Though it didn't appear on many/any end-of-the-year top 10 lists, I think my favorite movie of 2013 was Elysium, Neill Blomkamp's film about a not-too-distant future where the ultra-rich have fled a polluted, diseased, and overcrowded earth to live on an idyllic orbiting space station/gated community called Elysium, boldly continuing science fiction's proud and unique tradition of addressing social, cultural, and political themes by hypothesizing where humanity might be in the future.
Another sci-fi film that takes on sociopolitical issues -- but with lots of blood and a ton of laughs -- is 1987's RoboCop, a film that has become a cult and critical favorite as it tells the story of a gravely wounded Detroit cop who becomes a crime-fighting cyborg while addressing the military industrial complex, corporatism, and the decline of popular culture among other things. With a film so beloved, I guess it's inevitable that there would be a remake. But instead of being a toothless, needless, sanitized imitation, I'm happy to report that the new RoboCop -- despite being PG-13 compared to the original's hard R -- is willing to make significant changes and swing even harder at its political commentary in a distinctly modern way by addressing an issue that we should all be talking about: the use of drones and the possibility of deploying them on U.S. soil. Watch my ReThink Review of RoboCop below (transcript following).
The original 1987 RoboCop, made for just $13 million, became both a cult and critical hit for its graphic violence, humor, and sly cultural and political commentary as it told the story of a cyborg policeman attempting to protect a dystopian Detroit from a crime wave and a corporate takeover. With a film so celebrated and presciently topical more than 25 years since its release, most who know the original would call the idea of remaking RoboCop either infuriating, baffling, or sadly inevitable. But I've got some good news for you. While not nearly as funny or gory as the original, the reboot of RoboCop continues the original's bold sociopolitical commentary, but with new themes to address issues Americans should be debating now and will surely grapple with in the near future.
The basic premise of the film remains the same -- in the not-too-distant future, a dedicated Detroit cop named Alex Murphy (played by Joel Kinnaman) is gravely wounded and has the salvageable parts of his head and body placed inside a crime fighting robotic body called RoboCop made by a company called OmniCorp, with Murphy's memories and humanity doing battle with his programming as he cleans up the streets and attempts to untangle a conspiracy linked with his own murder.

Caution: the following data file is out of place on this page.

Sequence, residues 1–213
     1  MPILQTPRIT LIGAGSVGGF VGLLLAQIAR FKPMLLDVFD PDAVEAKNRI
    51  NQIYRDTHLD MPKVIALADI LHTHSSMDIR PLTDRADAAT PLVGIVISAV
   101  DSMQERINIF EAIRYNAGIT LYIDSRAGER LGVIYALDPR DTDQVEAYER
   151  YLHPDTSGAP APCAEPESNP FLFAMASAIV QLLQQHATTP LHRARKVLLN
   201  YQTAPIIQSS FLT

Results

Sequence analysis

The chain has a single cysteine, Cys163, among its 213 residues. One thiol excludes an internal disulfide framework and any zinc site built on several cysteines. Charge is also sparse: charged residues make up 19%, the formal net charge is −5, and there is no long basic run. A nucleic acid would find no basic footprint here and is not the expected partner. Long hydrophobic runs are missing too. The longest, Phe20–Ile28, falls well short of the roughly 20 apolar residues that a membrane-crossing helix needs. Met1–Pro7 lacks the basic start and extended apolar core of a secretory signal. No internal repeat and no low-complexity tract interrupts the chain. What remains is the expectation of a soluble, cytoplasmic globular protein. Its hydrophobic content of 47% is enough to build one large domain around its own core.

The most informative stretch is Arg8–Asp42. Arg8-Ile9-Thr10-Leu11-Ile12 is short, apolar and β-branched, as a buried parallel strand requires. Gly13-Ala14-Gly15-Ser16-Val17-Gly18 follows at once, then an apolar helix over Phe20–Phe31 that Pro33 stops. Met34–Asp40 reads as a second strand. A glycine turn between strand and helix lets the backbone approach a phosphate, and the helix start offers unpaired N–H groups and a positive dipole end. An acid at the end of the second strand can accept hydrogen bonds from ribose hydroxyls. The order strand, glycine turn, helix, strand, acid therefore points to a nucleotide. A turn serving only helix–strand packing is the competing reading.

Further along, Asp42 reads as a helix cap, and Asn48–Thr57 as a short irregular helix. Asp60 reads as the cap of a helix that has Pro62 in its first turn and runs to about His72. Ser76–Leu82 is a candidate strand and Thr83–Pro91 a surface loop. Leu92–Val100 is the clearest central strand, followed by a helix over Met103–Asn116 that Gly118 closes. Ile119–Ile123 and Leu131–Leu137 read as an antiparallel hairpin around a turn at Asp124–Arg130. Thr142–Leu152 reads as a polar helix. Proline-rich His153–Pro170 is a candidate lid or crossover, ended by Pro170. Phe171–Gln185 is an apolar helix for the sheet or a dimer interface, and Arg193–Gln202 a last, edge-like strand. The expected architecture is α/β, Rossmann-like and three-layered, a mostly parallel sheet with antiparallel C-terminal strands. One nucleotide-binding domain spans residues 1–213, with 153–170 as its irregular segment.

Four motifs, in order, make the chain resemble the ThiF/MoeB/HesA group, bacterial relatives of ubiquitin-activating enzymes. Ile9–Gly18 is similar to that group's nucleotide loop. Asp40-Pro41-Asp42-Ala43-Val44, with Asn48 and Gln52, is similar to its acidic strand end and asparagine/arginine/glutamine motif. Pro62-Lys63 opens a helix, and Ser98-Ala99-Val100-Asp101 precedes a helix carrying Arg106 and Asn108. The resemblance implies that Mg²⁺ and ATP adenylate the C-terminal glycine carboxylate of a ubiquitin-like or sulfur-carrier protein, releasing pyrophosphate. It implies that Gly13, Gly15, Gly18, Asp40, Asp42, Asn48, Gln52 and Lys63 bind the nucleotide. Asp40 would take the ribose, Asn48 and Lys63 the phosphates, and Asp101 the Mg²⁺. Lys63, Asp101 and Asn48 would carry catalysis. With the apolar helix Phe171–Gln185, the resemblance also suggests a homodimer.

But, thankfully, the makers of the new RoboCop gave themselves some freedom with their adaptation, adding major characters like the well-meaning but conflicted chief scientist heading the RoboCop project (played by Gary Oldman), Murphy's wife (played by Abbie Cornish who spends the entire movie near tears), OmniCorp's head of marketing (played by Jay Baruchel), a military and weapons advisor (played by Jackie Earle Haley), and a bloviating conservative commentator named Pat Novak (played by Samuel L. Jackson) whose persona and TV show are obviously based on the shows and antics of Bill O'Reilly and Glenn Beck.
While the 1987 film makes a military-industrial complex point with OmniCorp's plans to refine their robot technology in American cities before making a killing selling it to the military, Novak and CEO of OmniCorp Raymond Sellars (played by Michael Keaton) make a forceful argument for bringing military drone technology used overseas to US soil where they can tirelessly and incorruptibly patrol America's streets while keeping policemen out of harm's way.
The focus on drones, how to sell them to the American public, and the need for humanity in how we fight wars and crime is where the new RoboCop truly distinguishes itself while placing it firmly in science fiction's proud tradition of using visions of the future to address current issues. The murky ethics of using drones overseas is a discussion Americans are basically not having, but we surely will as politicians increasingly consider using them in the US for law enforcement and patrolling borders. And as robotics and artificial intelligence continue to improve, we're seriously going to need to grapple with who -- or what -- we trust to enforce the law and, more importantly, pull the trigger.
When we eventually have that debate, those in favor of the domestic use of drones will sound a lot like Novak and Sellars since their arguments are not just rational, but very appealing. Sellars, who seems to be patterned after a tech CEO and actually steals a quote from Steve Jobs, isn't a traditional villain, but an ambitious futurist who truly believes he's doing the right thing to the point that he's willing to throw ethics out the window.
There are a lot of other ways the new RoboCop differs from the original, including the fact that Murphy never has his memory erased, and the rebellious humor of the original and its use of TV shows and commercials for jokes and social commentary are sorely missed. But fans of the original will find a lot to like about 2014's RoboCop, which pays homage to the original while making enough changes so it feels like it was worth making. It's exciting to think that an action movie like this may spur audiences to think about our current and future use of drones, and with the film's overt political edge, I'll be very curious to see what issues get addressed if there's a RoboCop 2.
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